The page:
“The people who have done this have said this is about right, and it’s really hard,” he said.

For example, soldiers had to lift a 52-pound multipurpose anti-tank, or MPAT, round. It’s the heaviest plastic explosive. The soldier had seven seconds to pull it out, turn it around, then lean forward and slam it into the tube. Only half of men could do it.

But “how many of our tankers have ever seen an MPAT round?” Cone asked. “Not very many. So … was that a strength issue? Was it a training issue?”

The U.S. Army Research Institute of Environmental Medicine is independently providing those answers through scientific evaluation and validation of all data. Predictive tests that simulate the most demanding and physical tasks are being designed. These will assess what muscles were used, the duration and resistance. Corresponding physical activities will be identified, and measures to test that physical capacity will be drawn up. Skill will be minimized so the physically demanding aspects of strength, speed and aerobic capacity are tested.

TRADOC also is surveying military sociologists, combat military occupational specialties and other nations to determine how best to introduce women into the ranks.

The first MOSs

Combat engineers will be the first to see women in the ranks next year. The field needs little integration as it has a large population of female officers and noncommissioned officers. All MOSs from 12C through 12W are open to women, and many have similar tasks and capabilities as combat engineers. Combat engineers already conduct integrated training with female engineers.

The Army will also tackle field artillery, which has women but fewer than among engineers. Field artillery has a cadre to help minimize the cultural impact when women become cannon crewmembers.

From there, the Army will set standards for armor and infantry, which should open by the end of 2015 or early 2016.

“So as we move to probably the harder cultures to change ... we will have had the benefit of experience in the first several,” Cone said.

Setting conditions for success is a major lesson TRADOC commanders have learned. A soldier should not be the only woman in a unit, and female soldiers will need strong female NCOs in the ranks.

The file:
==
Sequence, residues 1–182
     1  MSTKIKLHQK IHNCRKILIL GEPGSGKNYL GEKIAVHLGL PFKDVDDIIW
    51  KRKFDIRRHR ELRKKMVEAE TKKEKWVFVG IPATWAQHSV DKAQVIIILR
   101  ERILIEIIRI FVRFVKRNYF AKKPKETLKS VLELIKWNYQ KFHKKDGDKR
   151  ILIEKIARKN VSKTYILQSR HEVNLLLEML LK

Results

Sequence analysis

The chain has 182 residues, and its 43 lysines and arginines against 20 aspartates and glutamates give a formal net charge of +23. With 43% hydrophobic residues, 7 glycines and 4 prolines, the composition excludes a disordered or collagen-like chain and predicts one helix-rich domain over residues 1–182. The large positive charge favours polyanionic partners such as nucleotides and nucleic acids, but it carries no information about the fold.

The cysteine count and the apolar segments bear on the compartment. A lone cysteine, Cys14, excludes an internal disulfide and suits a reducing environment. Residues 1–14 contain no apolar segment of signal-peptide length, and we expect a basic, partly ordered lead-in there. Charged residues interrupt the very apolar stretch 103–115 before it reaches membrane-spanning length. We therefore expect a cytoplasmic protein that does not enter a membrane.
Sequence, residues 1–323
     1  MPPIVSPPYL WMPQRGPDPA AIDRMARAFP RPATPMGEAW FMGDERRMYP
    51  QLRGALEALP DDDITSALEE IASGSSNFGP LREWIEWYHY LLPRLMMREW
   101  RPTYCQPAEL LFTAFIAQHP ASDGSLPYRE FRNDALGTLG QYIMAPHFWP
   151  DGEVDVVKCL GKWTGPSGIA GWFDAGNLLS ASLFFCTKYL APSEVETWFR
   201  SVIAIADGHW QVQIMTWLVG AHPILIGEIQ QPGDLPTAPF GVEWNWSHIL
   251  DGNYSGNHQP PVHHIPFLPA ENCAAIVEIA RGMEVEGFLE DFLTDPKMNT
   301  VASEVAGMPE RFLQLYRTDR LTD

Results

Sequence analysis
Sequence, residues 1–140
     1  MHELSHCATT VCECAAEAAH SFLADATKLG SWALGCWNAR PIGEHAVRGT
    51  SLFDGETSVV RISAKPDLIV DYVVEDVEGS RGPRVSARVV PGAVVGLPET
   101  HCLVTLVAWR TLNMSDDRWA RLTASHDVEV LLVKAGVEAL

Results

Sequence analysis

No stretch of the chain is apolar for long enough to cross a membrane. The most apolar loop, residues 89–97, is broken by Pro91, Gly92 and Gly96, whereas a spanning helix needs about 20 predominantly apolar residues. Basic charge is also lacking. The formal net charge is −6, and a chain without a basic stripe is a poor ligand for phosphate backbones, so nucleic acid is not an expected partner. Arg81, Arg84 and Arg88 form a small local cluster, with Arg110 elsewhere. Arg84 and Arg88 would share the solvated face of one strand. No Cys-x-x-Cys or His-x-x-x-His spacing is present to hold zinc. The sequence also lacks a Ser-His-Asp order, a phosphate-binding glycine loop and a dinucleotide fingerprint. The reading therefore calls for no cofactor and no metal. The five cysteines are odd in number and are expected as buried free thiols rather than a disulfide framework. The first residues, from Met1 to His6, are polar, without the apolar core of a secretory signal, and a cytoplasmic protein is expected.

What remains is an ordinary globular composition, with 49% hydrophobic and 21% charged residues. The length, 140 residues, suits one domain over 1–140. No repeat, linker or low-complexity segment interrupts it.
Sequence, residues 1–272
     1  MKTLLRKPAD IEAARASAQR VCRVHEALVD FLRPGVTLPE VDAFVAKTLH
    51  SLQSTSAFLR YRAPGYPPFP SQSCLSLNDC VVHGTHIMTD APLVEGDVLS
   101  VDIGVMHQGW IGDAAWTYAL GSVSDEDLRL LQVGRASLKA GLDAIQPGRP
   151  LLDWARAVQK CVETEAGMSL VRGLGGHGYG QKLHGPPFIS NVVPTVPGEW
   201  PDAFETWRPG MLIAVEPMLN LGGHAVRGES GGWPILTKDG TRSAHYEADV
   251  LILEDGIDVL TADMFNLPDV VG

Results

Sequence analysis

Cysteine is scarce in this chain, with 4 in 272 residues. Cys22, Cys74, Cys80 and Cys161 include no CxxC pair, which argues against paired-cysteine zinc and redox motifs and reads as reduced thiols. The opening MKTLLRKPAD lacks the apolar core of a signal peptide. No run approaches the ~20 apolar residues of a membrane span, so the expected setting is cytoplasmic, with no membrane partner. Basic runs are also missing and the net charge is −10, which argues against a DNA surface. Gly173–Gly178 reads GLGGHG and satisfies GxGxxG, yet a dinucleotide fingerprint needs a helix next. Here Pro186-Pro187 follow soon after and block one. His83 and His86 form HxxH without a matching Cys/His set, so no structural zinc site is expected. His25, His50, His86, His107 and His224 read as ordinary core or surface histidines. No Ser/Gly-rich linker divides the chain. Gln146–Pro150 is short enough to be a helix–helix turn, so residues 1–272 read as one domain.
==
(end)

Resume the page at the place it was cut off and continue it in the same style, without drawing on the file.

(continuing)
“Why make that private be the first infantry person?” Cone said. “Take a sergeant who is proficient as a leader in another occupational specialty and give them the skills necessary to be a successful infantryman as a sergeant. Then start to bring in your recruits from the bottom.”

One challenge is willingness to serve, he said. How many women are going to be interested in doing this? Not many, just as many men opt out. Fewer than 1,000 combat support and combat service support male soldiers asked to go into combat arms last year.

So don’t expect quotas, which go against the standards-based approach, Cone said. He instead looks to the Israeli army, which has a certain number of brigades that women serve in.

“Give us time. We will get this right, and it will be an enabler for our Army,” Cone said. “But if this is rushed, or if quotas are imposed, then this will not be successful.”

The tests

The tests that will measure capacity to meet physical standards will also provide the backbone of a new physical training test.

A parallel effort at Fort Jackson, S.C., is developing a test composed of “three or four” common tasks that will be used across the Army. Soldiers in combat specialties will have to do the MOS-specific tasks to certify them for inclusion in that field.

A version of that test will be used at recruiting stations to let candidates know if they have what it takes to be in combat arms. Cognitive tests will eventually be added to pre-qualify recruits.

“What you don’t want is a bad mismatch,” Cone said. “You don’t want somebody who is going to be a fire direction officer that really has no understanding of math.”

These tests will differentiate the soldier who will break under information overload from one who needs an abundance of information to make a decision. They can identify soldiers who are hard-wired to interact with other cultures, learn a foreign language, or likely to remain calm in stressful environments. They can identify those predisposed to post-traumatic stress, and who have the aptitude required for tasks inherent to medics, explosive ordnance disposal or Special Forces.